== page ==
In light of the recent discussion to close certain elementary schools in our district, I want to introduce you to my son, Owen.
Owen is six and a half years old and currently in Mrs. Luna's first grade class at Sunset Hill Elementary school. This is his first year at Sunset, and he's very proud to be an Eagle.
My wife and I have lived in the Lawrence Heights neighborhood since we've been married (the past nine years). We've spoken to Owen about attending Sunset since before he could understand our words. We've walked to the playground countless times. All of the children in our neighborhood, including two young women who now attend West Junior High, are alumni of Sunset. Owen idolizes them both.
Because his birthday is in early August, we waited until his first grade year to transition Owen to public school. It was a challenge at first. The Montessori curriculum from his former classroom didn't mesh well with the public school formula, but the wonderful staff at Sunset made him feel at home and part of something very special.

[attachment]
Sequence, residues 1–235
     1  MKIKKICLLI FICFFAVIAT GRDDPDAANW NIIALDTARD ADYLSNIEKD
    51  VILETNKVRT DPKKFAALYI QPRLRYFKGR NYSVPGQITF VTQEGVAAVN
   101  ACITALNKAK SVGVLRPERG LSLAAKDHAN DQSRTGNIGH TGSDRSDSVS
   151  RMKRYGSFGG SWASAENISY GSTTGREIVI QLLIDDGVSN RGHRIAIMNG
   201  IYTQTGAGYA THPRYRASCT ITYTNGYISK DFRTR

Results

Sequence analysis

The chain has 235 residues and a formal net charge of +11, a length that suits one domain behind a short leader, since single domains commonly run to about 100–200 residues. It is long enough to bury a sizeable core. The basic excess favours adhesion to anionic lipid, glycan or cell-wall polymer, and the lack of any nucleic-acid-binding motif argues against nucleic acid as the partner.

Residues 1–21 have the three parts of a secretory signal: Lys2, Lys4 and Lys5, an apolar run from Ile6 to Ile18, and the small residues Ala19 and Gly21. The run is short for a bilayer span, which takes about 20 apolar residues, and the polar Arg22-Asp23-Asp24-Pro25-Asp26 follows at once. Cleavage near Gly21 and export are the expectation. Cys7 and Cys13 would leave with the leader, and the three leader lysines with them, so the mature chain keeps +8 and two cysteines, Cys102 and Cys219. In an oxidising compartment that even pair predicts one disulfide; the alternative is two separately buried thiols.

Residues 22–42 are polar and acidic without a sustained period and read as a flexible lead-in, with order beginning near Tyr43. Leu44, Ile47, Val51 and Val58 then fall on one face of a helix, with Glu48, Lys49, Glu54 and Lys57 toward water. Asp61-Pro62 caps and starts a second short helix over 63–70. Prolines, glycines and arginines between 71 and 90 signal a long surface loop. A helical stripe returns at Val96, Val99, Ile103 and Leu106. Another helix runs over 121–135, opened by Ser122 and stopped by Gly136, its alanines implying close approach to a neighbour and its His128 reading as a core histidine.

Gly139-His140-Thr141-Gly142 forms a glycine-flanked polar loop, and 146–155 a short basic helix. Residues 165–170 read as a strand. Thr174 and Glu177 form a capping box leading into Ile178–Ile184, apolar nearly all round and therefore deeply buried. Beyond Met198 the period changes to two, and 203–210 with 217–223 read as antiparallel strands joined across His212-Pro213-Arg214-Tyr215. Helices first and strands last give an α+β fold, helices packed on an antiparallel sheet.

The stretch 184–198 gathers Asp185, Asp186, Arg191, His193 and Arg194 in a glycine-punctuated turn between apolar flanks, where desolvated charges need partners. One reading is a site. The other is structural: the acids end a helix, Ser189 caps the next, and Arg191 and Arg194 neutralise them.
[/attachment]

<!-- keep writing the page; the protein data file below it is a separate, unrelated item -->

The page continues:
Sunset is more than bricks and mortar. I can close my eyes and see Owen's artwork on the walls. He learned to read in those classrooms. He's made friends on the playground, and been exposed to some hard lessons about friendship and doing the right thing, too. He loves his teachers, especially PE, art, and music. Mrs. Wilkins, his art teacher, has inspired him to explain at dinner last month, "Maybe I'll be an artist when I grow up."
I know the Board has a difficult decision to make. From the public forum I attended last night, it sounds like a balanced budget without school closure is possible. During the forum, the Board forwarded notion that larger class sizes and reduction of services would be the consequences of not closing a school or two. With the potential savings of only $500K/school, those "consequences" will be a reality to meet the budget shortfall (of $4.5+million) regardless of school closure. It's a little like cutting off a hand to stop a rash that has already spread to the rest of the body. The hand will not grow back; our school will not reopen. But, with time, the rash will come in check. The financial situation will improve.
I also can't help questioning the logic behind closing (in Sunset) one of the most efficient, highest performing, not to mention over-capacity schools in the district. I certainly hope the reason doesn't lie in the suggestion that my child might be "worth" more to the district if he is bused to his attendance center. Such a suggestion is unethical and immoral. My child, and his classmates, are not product or pawns.
We're all going to feel the budget crunch, but this is a strong community and we will survive. I urge you to make the right choice. As Owen can tell you, making the right choice is hard.
Thank you for your time,
(Thanks for your indulgence today, writerly people. This is the draft of a letter I'm sending to our school board.)